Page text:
Introducing Spitsbergen: Travel Specialist Insights
Our Polar Travel Specialist Jo Cooper has visited the Arctic several times, and we asked her to share a few insights for what to expect from a visit to Spitsbergen.
What should I expect to see in different months?
I first went to Spitsbergen 8 years ago in August, and last year I visited in June. There was no midnight sun at that time but we did have some beautiful sunsets. There was hardly any snow on the ground in August, which was the biggest difference with going in June when there was still a lot of (sometimes very deep!) snow.
In both months, however, we saw polar bears, walruses, reindeer and whales. Polar bears were a little easier to find in August as they were mainly down on the beaches searching for food or having a nap. In June, we saw polar bears in the water and on the ice.
I was pleasantly surprised to see a couple of humpbacks right in the front of the ship in June, and we saw fin and minke whales in August. We came across quite a few icebergs in June and some of them were such fascinating shapes. You can easily get mesmerised by them.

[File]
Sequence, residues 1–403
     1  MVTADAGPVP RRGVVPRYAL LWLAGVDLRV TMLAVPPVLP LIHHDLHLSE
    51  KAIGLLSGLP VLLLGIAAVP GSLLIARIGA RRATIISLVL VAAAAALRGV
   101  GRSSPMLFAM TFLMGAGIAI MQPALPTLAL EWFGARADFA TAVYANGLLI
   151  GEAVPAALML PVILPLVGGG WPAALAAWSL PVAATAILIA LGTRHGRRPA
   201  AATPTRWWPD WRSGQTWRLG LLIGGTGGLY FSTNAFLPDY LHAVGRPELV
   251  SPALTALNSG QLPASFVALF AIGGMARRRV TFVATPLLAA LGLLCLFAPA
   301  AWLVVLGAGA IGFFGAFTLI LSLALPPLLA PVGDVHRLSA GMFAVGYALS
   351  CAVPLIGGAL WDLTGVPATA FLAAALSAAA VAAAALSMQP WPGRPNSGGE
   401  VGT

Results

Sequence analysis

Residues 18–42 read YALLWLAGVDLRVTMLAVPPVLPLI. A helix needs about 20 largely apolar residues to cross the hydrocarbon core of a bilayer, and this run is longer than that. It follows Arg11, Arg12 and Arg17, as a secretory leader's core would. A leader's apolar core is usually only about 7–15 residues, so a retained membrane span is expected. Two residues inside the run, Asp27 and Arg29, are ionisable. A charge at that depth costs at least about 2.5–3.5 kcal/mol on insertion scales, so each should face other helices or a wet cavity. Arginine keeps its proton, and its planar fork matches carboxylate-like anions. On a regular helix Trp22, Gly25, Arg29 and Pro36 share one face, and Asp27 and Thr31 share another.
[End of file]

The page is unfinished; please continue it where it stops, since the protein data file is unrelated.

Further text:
What’s the midnight sun like?
Experiencing the midnight sun in Spitsbergen was one of my main highlights. It was a very strange thing to get used to, no matter if it was 9am, 3pm or 1am, it was still bright daylight.
On my second night in Longyearbyen, I decided to go for a walk around 10pm down to the waterfront as I could see the sun sparkling off the water from my hotel room window. It makes you feel like you should be awake all night as you don’t want to miss anything, but of course, the next morning the sun was still as bright as it had been the night before.
The midnight sun is an amazing phenomenon to experience, and it was actually really strange 12 days later being back in the UK and seeing a sunset!
Did you brave the ‘polar plunge’?
When I went to Antarctica a few years ago, I had the opportunity to do the famous ‘polar plunge’ – jumping off the boat into the sea – but decided not to. This time in Spitsbergen, I plucked up the courage to finally do it!
The morning had started out bright and sunny and our captain managed to find a sheltered bay where the water was bright blue and very inviting. I kept trying to decide whether to do it or not and after seeing all of my friends and the expedition team jumping into the water, I decided to run to my cabin and change. This meant I was the last person to do it, and when I was standing there with a rope tied around me about to dive headfirst into the Arctic water, I thought I might have lost my mind! However I am now proud to be part of the Polar Swim Club, with the certificate to prove it